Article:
Trump Asked Mattis for Plan to Blow Up Iranian 'Fast Boats,' Report Says

'Why don't we sink them?' U.S. president told his national security team, sources tell Axios, in 'disproportionate' proposal they say could have quickly led to war

File photo: Iranian Revolutionary Guard patrol boats shadow the USS John C. Stennis aircraft carrier in the Persian Gulf, December 21, 2018.
Jon Gambrell/AP

U.S. President Donald Trump repeatedly asked his national security team during his first year in office to draw up a plan to blow up Iranian "fast boats," Axios reported on Monday. Trump reportedly asked then Defense Secretary James Mattis, referring to Iranian boats in the Persian Gulf, "Why don't we sink them?"

Axios quoted two sources who say they directly heard Trump's requests and three other former senior officials reportedly briefed on them. "So these boats, they get in, they come in really fast, they come in really close… and they might have explosives on them and we don't even know," Trump reportedly told staff. "Can you believe this? And we don't do anything?"

However, the sources told Axios such "disproportionate" response at a time when Iranian vessels were harassing the U.S. Navy less than previous years could have quickly led to war. Mattis, who later resigned in protest of Trump's Syria policy, reportedly never provided such a plan.

The report adds that when trump asked then National Security Adviser H.R. McMaster about it during a daily brief, the latter replied: "Mr. President, this has happened in the past, but DOD (Department of Defense) is telling us it hasn't happened lately… so they're not that concerned about it."

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Iran's Revolutionary Guards said in early January they plan to upgrade their speed boats in the Gulf with radar-evading stealth technology and new missile launchers, as tensions rise between Tehran and Washington in the vital oil shipping route.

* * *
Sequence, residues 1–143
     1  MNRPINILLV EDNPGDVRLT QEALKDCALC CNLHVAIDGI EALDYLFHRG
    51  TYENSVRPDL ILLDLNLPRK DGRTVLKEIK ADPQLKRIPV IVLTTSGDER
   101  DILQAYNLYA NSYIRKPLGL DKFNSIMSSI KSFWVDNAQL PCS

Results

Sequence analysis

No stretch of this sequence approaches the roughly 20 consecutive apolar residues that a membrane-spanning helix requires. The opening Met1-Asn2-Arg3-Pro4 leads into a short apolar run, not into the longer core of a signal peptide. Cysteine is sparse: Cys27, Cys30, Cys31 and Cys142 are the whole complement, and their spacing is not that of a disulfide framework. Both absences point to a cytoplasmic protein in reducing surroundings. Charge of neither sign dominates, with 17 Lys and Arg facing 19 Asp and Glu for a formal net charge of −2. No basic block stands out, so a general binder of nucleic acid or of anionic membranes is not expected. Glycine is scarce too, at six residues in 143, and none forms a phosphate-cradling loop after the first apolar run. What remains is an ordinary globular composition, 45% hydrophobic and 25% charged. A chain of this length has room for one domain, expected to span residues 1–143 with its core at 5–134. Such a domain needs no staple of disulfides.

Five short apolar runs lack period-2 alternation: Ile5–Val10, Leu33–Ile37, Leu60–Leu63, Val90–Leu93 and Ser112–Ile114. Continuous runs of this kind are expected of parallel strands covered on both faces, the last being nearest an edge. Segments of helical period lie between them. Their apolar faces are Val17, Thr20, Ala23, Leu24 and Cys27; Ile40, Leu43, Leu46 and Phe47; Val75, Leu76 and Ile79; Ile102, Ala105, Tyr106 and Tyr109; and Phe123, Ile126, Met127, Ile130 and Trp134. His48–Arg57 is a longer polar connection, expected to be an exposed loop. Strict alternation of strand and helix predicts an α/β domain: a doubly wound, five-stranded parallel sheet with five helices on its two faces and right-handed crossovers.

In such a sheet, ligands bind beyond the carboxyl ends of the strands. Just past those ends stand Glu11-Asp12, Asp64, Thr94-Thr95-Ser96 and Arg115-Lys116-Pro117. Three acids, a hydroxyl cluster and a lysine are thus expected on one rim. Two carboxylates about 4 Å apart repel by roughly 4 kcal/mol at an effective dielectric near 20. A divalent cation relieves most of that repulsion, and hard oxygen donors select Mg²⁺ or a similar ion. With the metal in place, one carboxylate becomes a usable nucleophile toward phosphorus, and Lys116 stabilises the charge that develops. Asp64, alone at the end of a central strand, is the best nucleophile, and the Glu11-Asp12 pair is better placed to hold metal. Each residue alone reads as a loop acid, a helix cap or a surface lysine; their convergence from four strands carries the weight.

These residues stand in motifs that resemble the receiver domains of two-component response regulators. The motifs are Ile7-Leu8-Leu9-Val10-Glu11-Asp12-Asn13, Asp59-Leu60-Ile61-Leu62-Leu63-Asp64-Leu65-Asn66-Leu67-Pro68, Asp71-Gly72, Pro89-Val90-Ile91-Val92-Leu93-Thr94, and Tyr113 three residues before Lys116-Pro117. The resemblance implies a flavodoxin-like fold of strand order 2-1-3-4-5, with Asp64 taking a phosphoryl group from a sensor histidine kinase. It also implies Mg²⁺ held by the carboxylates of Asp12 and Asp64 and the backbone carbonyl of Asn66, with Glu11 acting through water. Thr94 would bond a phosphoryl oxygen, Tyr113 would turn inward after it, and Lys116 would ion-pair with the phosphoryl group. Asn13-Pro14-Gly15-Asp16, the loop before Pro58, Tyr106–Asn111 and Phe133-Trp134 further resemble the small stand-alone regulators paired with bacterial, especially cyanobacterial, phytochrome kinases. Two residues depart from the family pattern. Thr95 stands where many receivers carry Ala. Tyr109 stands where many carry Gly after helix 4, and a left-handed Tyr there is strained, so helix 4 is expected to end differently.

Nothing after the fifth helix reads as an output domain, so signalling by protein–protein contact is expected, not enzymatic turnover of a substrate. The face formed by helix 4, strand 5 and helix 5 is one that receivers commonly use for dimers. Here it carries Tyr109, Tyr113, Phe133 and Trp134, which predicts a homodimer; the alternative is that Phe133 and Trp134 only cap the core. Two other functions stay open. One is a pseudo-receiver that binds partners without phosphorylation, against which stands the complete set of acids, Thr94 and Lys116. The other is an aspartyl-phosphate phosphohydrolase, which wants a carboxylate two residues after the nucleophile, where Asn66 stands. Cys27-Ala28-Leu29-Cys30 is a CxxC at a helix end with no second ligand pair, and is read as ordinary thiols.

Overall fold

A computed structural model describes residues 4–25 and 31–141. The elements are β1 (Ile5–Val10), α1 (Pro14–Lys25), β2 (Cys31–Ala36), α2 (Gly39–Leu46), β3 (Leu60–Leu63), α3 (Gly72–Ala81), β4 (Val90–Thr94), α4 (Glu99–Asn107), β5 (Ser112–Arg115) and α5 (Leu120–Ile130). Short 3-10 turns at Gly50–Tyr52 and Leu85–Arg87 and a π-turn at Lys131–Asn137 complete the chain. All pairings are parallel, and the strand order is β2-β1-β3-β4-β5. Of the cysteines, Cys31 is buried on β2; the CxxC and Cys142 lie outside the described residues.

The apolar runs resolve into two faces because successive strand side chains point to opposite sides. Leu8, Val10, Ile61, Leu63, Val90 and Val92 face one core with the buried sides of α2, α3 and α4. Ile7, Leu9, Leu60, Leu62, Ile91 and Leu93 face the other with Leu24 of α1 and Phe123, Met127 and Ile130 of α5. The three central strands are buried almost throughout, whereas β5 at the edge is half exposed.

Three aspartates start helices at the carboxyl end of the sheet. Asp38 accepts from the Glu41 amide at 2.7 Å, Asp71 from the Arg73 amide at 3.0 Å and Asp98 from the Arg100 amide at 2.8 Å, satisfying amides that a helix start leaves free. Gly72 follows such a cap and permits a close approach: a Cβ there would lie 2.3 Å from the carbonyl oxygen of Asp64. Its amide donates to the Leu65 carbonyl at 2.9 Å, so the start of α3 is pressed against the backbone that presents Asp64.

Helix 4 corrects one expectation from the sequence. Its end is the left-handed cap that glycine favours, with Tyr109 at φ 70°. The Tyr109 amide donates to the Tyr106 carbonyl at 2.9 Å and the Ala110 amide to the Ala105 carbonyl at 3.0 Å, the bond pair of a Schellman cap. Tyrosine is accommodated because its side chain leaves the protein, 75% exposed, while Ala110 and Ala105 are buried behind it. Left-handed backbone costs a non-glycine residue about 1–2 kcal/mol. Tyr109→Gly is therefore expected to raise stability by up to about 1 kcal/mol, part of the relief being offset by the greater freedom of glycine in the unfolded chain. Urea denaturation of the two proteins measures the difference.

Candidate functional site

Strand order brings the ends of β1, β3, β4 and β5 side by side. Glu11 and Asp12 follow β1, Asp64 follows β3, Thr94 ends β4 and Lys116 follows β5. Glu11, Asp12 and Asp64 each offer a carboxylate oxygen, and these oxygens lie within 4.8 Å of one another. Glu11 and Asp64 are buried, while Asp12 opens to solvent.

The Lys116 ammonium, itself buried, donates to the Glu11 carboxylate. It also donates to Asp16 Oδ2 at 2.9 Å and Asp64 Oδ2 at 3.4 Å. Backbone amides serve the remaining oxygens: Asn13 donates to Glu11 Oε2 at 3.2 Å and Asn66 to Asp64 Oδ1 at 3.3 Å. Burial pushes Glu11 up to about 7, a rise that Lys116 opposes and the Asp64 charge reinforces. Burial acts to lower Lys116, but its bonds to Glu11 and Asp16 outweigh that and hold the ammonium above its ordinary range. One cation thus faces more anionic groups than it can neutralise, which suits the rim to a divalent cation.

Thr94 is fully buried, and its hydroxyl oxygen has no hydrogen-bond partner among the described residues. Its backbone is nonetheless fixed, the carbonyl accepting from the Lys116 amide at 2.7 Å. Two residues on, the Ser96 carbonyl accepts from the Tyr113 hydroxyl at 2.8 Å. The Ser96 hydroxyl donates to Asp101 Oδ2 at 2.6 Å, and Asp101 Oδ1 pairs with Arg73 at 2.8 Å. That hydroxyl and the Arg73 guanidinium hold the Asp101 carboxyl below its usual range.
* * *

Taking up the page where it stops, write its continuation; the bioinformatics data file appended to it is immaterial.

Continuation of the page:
Ending a long absence of U.S. aircraft carriers in the region, the USS John C. Stennis entered the Gulf in late December, and was shadowed by the Revolutionary Guards' speed boats.

File photo: U.S. President Donald Trump with Defense Secretary James Mattis in the Cabinet Room at the White House in Washington, October 23, 2018.
Leah Millis/Reuters

There have been periodic confrontations between the Revolutionary Guards vessels and U.S. military in the Gulf, although the number of incidents has dropped in recent months.

The Revolutionary Guards launched in late December war games in the Gulf, where third of the world’s sea-borne oil passes through, and warned that its forces were ready to respond to any hostile U.S. action.

In an indirect threat to Saudi Arabia and other U.S. allies in the region, the head of the Iranian armed forces warned that any Iranian confrontation with U.S. forces might also target Gulf nations that he said had invited them into the region.

The Wall Street Journal reported on Sunday that National Security Adviser John Bolton requested the Pentagon to provide Washington with military options to strike Iran, after three mortars launched by Iran-affiliated militants fell near the U.S. Embassy in Baghdad.

The incident occurred in early September. No one was wounded, as the shells fell in an open lot, but the event apparently spurred Washington to discuss the possibility of a military response.

It is unclear whether President Trump knew of Bolton's request or if concrete plans were drawn out for a strike, but according to the official, the Pentagon agreed to develop a set of options to attack Iran.

A U.S.-Iranian war of words has escalated since Trump took Washington out of a world powers’ nuclear deal with Iran in May, and reimposed sanctions on its banking and energy sectors.

Iran has warned that if it cannot sell its oil due to U.S. pressure, then no other regional country will be allowed to do so either, threatening to block the Strait of Hormuz in the Gulf.

The Guards’ naval arm lacks a strong conventional fleet. However, it has many speed boats and portable anti-ship missile launchers, and can lay mines.